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Audit report finds several potential breaches of Arkansas law in governor’s $19K lectern purchase


Audit report finds several potential breaches of Arkansas law in governor’s $19K lectern purchase

Apr 15, 2024 | 9:18 pm ET
By Tess Vrbin
Audit report finds several potential breaches of Arkansas law in governor’s $19K lectern purchase
Gov. Sarah Huckabee Sanders stands at a lectern during her inauguration that looks similar to one her office paid $19,000 for in June 2023. (Karen E. Segrave/Arkansas Advocate)

Arkansas Legislative Audit’s report on the $19,000 purchase of a lectern for Gov. Sarah Huckabee Sanders’ office found several instances of “potential noncompliance” with state law and has been sent to the state attorney general and Pulaski County’s prosecuting attorney.

Members of Sanders’ staff used a state-issued credit card to buy the lectern and a carrying case in June 2023 from a Virginia-based event design and management firm with political ties to Sanders. The Republican Party of Arkansas reimbursed the governor’s office three months later, just before the purchase became public and brought scrutiny on Sanders and her staff.

Arkansas Legislative Audit, a nonpartisan entity that investigates government spending, began the audit at lawmakers’ direction in October and released the report Monday afternoon. The report is critical of actions taken by the governor’s office and recommends adherence to state purchasing and property disposal laws in the future.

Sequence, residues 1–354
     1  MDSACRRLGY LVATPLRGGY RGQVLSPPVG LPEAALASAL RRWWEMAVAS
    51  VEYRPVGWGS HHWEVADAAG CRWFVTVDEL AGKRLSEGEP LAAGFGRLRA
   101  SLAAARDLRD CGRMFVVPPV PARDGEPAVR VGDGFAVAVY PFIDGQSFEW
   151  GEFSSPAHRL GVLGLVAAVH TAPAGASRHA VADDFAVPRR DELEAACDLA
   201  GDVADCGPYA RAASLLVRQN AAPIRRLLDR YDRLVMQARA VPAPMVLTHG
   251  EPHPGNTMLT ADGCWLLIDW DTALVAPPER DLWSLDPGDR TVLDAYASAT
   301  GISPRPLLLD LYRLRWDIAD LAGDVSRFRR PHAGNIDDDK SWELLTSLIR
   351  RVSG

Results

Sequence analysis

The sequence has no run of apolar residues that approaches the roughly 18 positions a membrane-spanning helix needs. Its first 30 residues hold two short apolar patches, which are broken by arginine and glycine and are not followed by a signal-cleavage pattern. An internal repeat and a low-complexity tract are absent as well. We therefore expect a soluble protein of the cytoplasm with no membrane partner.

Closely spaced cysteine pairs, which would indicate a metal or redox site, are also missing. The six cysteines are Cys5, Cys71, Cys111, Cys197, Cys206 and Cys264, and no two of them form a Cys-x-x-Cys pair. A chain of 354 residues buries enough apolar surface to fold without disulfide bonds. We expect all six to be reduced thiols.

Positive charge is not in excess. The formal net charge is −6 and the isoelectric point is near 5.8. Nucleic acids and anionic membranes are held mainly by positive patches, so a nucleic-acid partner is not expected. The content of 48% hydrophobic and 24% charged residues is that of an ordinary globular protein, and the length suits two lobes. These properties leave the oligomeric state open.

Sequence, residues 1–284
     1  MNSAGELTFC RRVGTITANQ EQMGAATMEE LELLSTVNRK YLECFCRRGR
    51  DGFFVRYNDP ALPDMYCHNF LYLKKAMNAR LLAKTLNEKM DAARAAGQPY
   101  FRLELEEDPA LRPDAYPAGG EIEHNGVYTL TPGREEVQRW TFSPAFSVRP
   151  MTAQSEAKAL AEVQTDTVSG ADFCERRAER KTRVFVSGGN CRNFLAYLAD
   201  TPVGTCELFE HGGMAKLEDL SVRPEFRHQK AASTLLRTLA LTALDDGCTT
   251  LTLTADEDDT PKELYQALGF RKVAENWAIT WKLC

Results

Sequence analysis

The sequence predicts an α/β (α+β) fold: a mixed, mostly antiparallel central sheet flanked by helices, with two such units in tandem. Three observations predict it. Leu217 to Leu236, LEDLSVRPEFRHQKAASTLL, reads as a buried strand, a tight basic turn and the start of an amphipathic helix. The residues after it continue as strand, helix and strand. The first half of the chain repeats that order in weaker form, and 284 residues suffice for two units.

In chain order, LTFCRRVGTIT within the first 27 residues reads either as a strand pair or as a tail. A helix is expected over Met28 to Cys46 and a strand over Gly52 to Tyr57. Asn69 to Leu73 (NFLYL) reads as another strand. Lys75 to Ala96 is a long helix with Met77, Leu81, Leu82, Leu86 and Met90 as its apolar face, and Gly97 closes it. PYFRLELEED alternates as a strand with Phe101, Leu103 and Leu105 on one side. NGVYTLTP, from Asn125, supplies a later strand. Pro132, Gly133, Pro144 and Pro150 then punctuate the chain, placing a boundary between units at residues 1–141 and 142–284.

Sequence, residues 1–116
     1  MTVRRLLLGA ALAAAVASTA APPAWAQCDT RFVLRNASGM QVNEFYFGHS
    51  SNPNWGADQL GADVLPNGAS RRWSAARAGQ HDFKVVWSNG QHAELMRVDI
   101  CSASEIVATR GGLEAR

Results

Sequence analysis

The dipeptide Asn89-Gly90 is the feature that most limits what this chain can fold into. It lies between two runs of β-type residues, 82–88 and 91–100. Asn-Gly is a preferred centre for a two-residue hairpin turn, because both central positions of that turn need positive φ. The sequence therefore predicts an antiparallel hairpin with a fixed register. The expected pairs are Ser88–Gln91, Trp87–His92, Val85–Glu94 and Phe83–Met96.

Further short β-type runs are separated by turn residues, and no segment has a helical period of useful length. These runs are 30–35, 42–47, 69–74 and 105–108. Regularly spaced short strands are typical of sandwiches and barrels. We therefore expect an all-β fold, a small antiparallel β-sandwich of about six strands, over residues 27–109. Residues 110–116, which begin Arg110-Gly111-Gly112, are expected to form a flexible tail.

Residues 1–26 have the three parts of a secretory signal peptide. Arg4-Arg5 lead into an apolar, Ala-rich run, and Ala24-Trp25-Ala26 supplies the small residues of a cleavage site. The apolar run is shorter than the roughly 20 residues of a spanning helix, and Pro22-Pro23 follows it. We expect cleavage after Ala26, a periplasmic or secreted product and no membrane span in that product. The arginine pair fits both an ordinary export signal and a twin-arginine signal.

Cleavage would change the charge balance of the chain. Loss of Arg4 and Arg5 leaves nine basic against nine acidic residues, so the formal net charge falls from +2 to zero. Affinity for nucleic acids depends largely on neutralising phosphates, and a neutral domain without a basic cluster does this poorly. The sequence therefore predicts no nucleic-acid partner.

Alexa Henning, Sanders’ communications director, said Monday that the report “demonstrate[s] what the governor’s office said all along: we followed the law, and the state was fully reimbursed with private funds for the podium, at no cost to the taxpayers.”

The report said several actions by Sanders’ office potentially ran afoul of state law including:

  • Paying for the lectern before it was delivered.
  • Failing to notify the state Department of Transformation and Shared Services of the delivery, which prevented the purchase from being properly recorded as belonging to state government.
  • Characterizing the purchase as an operating expense instead of a capital asset, a category for property that costs more than $5,000.
  • Seeking reimbursement for the lectern from the Republican Party of Arkansas instead of asking the State Procurement Director for an exemption from state purchasing and property disposal laws.
  • Shredding a document that included details about the lectern necessary to properly record the purchase. Sanders’ office’s staff told auditors this was done in error.
  • Failing to create a business justification statement for the purchase.

The report noted that the governor’s office had three copies of the invoice for the lectern, two of which had handwritten notes on them, indicating that staff altered public records.

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Auditors also found that the Department of Transformation and Shared Services excluded several requested documents from its responses to state Freedom of Information Act queries related to the lectern purchase. The report recommended that DTSS comply with FOIA in the future.

The report recommended that the governor’s office ensure purchases are paid for after delivery, “retain all original documentation” related to purchases and deliveries, follow state law when disposing of property and ensure documentation is completed in a timely manner.